It is generally agreed that there were three stages of initiation. First, was the introduction into the Lesser Mysteries. Next, was the celebration of the Greater Mysteries, or telete, and finally, the highest step of initiation, the epopteia. The initiates were called the mystai and each had a sponsor, called the mystagogos.

The Lesser Mysteries were held annually in the early spring. Little of their exact nature is known, other than that they were meant to prepare and purify the initiate for the Greater Mysteries. It has been proposed that these mysteries were celebrated at Agra and were presided over by Persephone. Dancing, reenactments of the myth of Demeter, a sacred meal, and the bearing of the sacred vessels, known as the Kernophoria, were most likely all performed. The initiates would have fasted, made sacrifices, worshipped, and participated in ritual bathing in order to make themselves ready for the Greater Mysteries.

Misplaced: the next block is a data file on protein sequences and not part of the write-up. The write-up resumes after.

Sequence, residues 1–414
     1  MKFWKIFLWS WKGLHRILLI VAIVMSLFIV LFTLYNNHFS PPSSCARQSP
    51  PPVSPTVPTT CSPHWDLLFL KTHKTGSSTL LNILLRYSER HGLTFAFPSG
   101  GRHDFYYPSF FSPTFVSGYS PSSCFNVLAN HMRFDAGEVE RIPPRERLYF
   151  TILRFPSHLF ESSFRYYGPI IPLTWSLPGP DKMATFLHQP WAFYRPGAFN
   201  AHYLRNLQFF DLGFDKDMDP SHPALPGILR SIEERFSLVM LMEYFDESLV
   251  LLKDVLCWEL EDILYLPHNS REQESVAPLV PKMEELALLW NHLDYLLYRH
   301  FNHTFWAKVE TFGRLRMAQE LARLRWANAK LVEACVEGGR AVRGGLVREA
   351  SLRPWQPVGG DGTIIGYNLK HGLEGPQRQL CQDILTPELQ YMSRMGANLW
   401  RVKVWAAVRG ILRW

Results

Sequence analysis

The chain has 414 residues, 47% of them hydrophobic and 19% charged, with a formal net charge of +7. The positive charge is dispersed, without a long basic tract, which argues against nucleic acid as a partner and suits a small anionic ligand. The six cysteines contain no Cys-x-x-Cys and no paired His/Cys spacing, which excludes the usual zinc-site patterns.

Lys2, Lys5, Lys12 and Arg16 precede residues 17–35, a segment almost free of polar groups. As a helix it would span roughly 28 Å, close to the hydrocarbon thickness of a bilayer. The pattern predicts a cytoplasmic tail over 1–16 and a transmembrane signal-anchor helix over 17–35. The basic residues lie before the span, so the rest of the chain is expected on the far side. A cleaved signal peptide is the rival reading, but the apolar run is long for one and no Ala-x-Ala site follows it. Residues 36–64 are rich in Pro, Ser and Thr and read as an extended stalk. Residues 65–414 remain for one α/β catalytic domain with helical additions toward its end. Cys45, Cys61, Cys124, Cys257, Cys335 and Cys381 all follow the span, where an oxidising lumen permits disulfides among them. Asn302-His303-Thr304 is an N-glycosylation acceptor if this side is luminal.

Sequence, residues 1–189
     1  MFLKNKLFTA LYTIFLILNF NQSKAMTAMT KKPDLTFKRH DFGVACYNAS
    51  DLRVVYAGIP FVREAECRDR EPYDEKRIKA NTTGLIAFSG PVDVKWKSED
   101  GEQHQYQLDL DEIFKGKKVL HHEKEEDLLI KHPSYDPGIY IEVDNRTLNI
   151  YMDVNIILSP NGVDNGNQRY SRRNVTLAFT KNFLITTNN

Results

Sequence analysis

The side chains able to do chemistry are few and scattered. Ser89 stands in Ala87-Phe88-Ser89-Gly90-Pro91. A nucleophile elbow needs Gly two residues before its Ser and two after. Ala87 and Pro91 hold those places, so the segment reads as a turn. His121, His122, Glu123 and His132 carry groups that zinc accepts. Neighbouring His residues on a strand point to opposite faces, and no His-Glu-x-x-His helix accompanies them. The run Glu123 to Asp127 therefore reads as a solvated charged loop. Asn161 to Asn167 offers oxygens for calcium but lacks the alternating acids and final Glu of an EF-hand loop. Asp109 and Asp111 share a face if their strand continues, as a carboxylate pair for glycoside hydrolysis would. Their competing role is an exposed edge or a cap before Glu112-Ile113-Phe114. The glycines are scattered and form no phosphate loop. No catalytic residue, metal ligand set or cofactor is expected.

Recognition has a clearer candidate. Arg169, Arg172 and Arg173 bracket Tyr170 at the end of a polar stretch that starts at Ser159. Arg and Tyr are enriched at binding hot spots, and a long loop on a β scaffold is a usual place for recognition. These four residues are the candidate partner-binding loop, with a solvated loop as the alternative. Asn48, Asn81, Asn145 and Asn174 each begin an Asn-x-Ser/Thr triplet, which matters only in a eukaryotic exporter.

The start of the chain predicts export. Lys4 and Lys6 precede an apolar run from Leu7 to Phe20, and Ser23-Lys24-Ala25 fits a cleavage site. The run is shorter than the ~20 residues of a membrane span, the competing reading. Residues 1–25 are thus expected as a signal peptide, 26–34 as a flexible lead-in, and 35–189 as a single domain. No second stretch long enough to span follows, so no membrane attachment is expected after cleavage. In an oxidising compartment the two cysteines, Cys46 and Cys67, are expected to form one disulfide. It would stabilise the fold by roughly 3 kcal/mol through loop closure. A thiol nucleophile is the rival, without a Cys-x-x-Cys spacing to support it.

The Greater Mysteries were celebrated annually in the fall. At this time, the entire Greek world declared a truce for 55 days in honor of the mysteries. The Greater Mysteries themselves lasted for nine days. The Mysteries began with a celebration march from Athens to Eleusis, with the Hiera (sacred objects) carried ceremoniously along, obscured in special containers. This procession occurred after several days of preparation and sacrifices.